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Yochai could probably tell you better himself, but it means that commerce is moving away from its home in the marketplace. The power to purchase is taking the place of the authority of institutions.
It means that a basic kindergarten tenet is coming into its own in our economy: sharing. The freedom to socially share is undermining Microsoft, the government and most centralized authorities’ ability to determine the course of events and money. Listen to Professor Benkler above to determine whether you agree.]]>
As the VAR Guy noted in a recent blog post on the upcoming Red Hat Summit, Red Hat has some gumption. The Raleigh, N.C.-based company has crossed the Mason-Dixon line to hold its annual event in Boston, the territory of its rival, Waltham, Mass-based Novell: What chutzpah!
Not to be outshined, Novell has made its presence known, posting some conspicuous advertising in the Hynes Convention Center, the location for this year’s Red Hat Summit, the VAR Guy reported.
But whether Red Hat’s choice of venue is a real shot across the bow or not, there’s little doubt that that over the past several years, the Red Hat/Novell rivalry has gotten pretty heated. One could date the boiling tensions to 2006, when Novell signed an agreement with Microsoft to share product patents. In 2007, the two companies agreed to work toward interoperability and have even dedicated a lab to that purpose.
By joining forces, Microsoft and Novell aim to gain an even stronger foothold in the open source market, though some data indicates that both the Red Hat and Ubuntu distributions have made strides against Novell SUSE. A new survey on open source adoption may support these findings.
The VAR Guy also noted Cisco’s expected prominence at the Summit and wondered whether it might signal an upcoming Cisco/Red Hat partnership, much like Microsoft’s with Novell. Or maybe Cisco’s “cozying up,” as the VAR Guy characterized it, is more a case of “The enemy of my enemy is my friend.” Consider this user comment in response to the Var Guy’s musings:
“Cisco now views Microsoft as its #1 threat in unified communications and other areas,” the user wrote. “I think they are just solidly placing themselves on the other side to be honest. They see a cost/competitive advantage and want to help set the ‘other’ standard.”
Stay tuned from the frontlines for more Red Hat Summit coverage.]]>
I talked with Perens recently, and our topic was what IT managers need to know and do about the state of open source software. Perens says that IT managers are in the best position to lobby proprietary software vendors to protect and not attack the OSS community. IT shops are those vendors’ customers, after all, and have some clout; whereas, the large majority of open source developers — mostly self-employed or volunteers — are poorly equipped to stand up to major corporations that are trying to grab ownership of OSS.
Proprietary software vendors are both co-opting open source and, as stealthily as possible, trying to destroy OSS with software patent threats. If proprietary software vendors succeed in stymieing OSS development, technology innovation will slow down, and interoperability in heterogeneous environments will be difficult, if not impossible, to attain.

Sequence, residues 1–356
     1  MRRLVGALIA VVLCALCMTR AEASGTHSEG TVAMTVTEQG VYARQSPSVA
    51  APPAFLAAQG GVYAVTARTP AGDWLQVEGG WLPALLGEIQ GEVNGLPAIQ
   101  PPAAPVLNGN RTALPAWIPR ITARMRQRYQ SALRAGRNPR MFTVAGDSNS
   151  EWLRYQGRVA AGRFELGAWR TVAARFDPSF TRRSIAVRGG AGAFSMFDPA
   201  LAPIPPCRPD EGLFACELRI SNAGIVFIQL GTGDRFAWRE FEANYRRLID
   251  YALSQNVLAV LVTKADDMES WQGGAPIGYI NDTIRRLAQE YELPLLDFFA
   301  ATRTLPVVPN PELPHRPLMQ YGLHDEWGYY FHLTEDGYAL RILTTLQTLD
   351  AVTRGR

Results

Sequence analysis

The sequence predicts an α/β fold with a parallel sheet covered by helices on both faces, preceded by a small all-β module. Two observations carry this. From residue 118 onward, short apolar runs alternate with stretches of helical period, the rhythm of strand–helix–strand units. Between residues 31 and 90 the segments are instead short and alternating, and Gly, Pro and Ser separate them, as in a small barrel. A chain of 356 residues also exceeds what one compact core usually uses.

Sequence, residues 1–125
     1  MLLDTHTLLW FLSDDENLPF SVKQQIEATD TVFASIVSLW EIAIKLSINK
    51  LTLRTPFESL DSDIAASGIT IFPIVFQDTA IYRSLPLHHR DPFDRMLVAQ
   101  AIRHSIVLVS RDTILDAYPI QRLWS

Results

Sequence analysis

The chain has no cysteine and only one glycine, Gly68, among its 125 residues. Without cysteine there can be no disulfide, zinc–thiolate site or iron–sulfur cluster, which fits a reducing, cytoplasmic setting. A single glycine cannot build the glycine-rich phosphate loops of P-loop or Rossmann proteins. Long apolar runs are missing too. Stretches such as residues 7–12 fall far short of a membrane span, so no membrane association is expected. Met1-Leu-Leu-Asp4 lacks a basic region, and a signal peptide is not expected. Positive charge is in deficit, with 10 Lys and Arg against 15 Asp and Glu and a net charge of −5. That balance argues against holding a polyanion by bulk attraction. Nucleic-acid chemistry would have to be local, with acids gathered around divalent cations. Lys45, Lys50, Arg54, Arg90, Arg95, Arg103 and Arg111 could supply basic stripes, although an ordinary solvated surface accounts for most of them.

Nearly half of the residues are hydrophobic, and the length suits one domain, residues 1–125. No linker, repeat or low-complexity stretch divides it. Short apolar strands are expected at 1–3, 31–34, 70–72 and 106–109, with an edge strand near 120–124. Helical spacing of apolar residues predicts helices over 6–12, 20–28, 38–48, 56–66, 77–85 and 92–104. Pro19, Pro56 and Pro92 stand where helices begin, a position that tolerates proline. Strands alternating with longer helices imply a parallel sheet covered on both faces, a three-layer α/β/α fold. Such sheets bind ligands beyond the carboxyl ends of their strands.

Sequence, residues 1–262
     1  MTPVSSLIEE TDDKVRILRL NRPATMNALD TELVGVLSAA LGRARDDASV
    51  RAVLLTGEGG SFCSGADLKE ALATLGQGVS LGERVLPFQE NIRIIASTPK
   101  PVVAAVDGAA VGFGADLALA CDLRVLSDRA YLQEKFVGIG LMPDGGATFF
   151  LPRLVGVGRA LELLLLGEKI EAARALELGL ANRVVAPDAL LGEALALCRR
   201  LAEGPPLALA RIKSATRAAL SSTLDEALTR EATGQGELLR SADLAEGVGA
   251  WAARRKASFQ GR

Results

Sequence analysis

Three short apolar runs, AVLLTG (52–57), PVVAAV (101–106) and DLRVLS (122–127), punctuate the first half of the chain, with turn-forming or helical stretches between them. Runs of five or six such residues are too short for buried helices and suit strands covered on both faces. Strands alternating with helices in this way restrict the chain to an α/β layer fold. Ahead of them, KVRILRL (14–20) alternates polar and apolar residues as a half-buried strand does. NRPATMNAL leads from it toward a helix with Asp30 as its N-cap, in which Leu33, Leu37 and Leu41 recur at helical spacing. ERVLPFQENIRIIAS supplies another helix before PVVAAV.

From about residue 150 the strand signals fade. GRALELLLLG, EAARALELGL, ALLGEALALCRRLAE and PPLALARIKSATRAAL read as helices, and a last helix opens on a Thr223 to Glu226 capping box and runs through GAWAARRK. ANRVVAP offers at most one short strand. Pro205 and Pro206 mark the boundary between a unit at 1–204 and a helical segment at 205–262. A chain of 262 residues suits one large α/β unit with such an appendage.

Protecting OSS will help IT organizations retain the ability “to purchase software without becoming tied to that [software vendor] for other software” to manage or complement it, Perens told me.
The protection of open standards should also be on IT pros’ agenda. Once a proprietary software vendor gets hold of rights to software standards, there are few obstacles to that vendor expanding those rights. Perens urges IT organizations to support the International Standards Organization (ISO). Established to govern the process of patent distribution, ISO working to adapt standards to the reality of the current marketplace. Most companies need interoperable software for many functions, from exchanging Microsoft Office documents to sharing databases across systems. The ISO needs the support of IT leaders in order to support the development of software interoperability amid pressure applied by proprietary vendors.
“Software patents are a problem especially for open standards, because they may prevent a standard from being usable by everyone,” Perens told me. ” If there’s a royalty or discriminatory licensing to the patent, that usually rules out open source implementations.”
With ISO/IEC 26300, Open Document Format for Office Applications (OpenDocument) v1.0., the ISO did address business software interoperability in 2006. This requires all office documents to be able to be sent from one software system to a competing software system without having to be re-formatted.
In the U.S., it has been hard to stop software vendors from filing or expanding software patents that lack integrity and bankrupting OSS startups with lawsuits. U.S. “lawmakers are so in thrall to big-media lobbyists that they do not even realize that counterarguments to copyright extensions exist,” said Professor at Stanford Law School and founder of the Center for Internet and Society Lawrence Lessig.
U.S. antitrust suits have gotten few results; but, in 2007, the European Commission filed the largest antitrust suit against Microsoft yet, for withholding information that would let rival vendors defend themselves from product integration, rolling out a penalty of $1.3 billion.
But, Perens pointed out, this was merely one step forward in a larger struggle.]]>
Well, even if you don’t, here’s an update from Palamida about the 50+ OSS projects that have moved to version 3.0 of the GNU Public License over the past two weeks.